The truth behind the myths

Was the truth too terrible? I ask this question of two popular Halloween legends: Dracula and the werewolf.

Dracula, or the vampire, originated from the Romanian individual Vlad Tepes (pronounced Tse-Pesh, a term for “Impaler”), according to an article on an Ithaca College website.

Dracula lived in Wallachia, which, due to its location, was often caught between Hungary and Turkey in a power struggle. Throughout his life, Dracula lived as a patriot to his country, spending years as a captive and prisoner to one of the two nations.

The terrible myths surrounding Dracula, beginning with Bram Stoker’s book, and continuing as far as the “Twilight” series, muddy the reputation of this Romanian hero.

What gives rise to these myths is the odd tendency of Dracula to impale lawbreakers and enemies.

Although he was very fair in the law and gave his life for law-abiding citizens, the penalties he set were more than severe. It was these tendencies that gave rise to rumors about him drinking the blood of his enemies.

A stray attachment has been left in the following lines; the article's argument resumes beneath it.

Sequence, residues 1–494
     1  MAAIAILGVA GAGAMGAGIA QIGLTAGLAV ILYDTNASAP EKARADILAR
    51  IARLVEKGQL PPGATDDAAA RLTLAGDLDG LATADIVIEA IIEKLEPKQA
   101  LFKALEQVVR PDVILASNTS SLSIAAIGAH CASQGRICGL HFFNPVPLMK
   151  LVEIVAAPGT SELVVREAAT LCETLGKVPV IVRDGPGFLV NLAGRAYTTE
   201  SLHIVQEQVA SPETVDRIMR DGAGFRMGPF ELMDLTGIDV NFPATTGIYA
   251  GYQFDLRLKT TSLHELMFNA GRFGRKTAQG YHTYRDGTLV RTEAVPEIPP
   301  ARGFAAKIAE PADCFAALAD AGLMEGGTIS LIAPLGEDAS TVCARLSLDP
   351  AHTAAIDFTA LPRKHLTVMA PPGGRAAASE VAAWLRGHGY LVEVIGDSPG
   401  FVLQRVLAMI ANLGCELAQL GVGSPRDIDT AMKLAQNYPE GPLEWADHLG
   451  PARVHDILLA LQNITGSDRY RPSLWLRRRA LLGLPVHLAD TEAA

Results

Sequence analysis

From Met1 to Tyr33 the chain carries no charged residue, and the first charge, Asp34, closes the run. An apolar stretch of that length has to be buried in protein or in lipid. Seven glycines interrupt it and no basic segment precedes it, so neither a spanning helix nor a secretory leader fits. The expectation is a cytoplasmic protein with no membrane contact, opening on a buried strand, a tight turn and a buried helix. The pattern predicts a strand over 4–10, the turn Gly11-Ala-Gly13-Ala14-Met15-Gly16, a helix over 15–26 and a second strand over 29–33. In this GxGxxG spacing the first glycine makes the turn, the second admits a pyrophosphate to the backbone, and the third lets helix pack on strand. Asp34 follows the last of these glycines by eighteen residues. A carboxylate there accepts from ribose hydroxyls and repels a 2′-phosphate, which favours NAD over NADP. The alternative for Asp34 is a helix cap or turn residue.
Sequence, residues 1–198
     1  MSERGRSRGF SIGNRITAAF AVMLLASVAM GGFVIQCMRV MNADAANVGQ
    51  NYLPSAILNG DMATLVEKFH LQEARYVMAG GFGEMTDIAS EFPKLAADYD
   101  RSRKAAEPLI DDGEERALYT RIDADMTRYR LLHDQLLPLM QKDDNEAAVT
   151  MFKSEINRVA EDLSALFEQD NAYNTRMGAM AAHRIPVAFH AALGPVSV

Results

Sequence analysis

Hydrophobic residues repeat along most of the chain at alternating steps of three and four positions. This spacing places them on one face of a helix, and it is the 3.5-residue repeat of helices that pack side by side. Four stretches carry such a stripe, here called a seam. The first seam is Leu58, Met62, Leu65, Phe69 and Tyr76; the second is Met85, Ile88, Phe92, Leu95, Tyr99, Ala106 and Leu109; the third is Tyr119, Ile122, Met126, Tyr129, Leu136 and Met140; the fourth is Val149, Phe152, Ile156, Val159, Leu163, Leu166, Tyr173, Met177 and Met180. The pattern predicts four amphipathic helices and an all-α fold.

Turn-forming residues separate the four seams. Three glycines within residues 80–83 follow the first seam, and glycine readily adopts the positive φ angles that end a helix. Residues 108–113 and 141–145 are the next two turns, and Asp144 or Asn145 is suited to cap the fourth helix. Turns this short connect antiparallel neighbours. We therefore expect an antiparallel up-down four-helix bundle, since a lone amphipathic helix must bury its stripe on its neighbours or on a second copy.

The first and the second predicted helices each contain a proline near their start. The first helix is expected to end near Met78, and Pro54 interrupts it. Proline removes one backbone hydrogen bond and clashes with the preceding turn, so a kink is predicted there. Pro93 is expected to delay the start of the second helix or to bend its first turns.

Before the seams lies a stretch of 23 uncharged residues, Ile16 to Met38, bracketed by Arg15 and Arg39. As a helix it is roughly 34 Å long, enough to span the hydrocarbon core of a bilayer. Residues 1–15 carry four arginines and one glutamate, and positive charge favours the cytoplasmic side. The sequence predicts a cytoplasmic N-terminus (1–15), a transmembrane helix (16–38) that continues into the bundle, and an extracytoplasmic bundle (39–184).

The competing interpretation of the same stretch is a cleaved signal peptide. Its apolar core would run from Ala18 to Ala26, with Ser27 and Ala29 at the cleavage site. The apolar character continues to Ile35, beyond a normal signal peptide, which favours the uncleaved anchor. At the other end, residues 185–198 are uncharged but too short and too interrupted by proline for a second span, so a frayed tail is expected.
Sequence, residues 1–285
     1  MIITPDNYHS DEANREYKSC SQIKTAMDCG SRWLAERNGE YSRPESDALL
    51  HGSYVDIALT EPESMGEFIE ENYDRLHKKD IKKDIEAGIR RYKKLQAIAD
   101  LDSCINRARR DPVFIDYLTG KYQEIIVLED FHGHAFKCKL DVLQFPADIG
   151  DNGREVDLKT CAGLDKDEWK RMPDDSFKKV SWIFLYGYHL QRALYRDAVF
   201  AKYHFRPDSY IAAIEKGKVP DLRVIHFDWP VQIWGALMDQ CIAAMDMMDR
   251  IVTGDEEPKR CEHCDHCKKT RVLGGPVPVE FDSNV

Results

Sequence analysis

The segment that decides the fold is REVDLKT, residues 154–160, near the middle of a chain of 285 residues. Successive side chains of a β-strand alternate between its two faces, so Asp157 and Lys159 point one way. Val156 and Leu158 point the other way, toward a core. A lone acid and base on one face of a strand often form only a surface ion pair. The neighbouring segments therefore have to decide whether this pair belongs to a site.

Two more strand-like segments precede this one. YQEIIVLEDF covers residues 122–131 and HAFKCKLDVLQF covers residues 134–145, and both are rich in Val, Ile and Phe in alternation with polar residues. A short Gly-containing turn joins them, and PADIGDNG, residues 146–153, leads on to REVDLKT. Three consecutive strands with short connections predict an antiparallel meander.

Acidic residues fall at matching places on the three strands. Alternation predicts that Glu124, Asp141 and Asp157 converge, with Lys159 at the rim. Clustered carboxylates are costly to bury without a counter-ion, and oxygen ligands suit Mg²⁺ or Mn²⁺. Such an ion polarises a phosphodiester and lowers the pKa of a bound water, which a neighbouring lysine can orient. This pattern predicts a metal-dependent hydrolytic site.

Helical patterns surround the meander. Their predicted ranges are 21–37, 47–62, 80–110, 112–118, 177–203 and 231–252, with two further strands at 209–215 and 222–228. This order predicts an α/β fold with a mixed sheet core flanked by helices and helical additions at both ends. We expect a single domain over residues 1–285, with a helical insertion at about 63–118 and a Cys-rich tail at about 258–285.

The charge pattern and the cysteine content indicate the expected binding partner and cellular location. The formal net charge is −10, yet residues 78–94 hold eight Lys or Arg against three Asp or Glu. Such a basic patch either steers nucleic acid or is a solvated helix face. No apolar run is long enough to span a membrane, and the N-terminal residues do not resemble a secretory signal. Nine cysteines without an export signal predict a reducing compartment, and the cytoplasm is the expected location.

Having been excommunicated by his church for political reasons, Vlad can be considered immortal, for in his religion, excommunicated individuals are doomed to walk the Earth forever.

Congenital hypertrichosis, combined with albinism, may have been the cause of the werewolf myth. This unique combination of genetic disorders can cause hair growth throughout most of the body, abnormal nail and teeth growth, and hypersensitivity to light, according to buzzle.com.

This disfigured appearance, coupled with the seemingly insane behavior which would accompany these individuals when exposed to bright light, could easily have been mistaken for lycanthropy in ancient times.

The myth has been around since ancient Greece, when Zeus turned Lycaon into a wolf. Popularized by modern film, these entities have become both more fearsome and more pitied.

With truths this disturbing, is the myth really necessary?

Gregory Lane

Staff Writer

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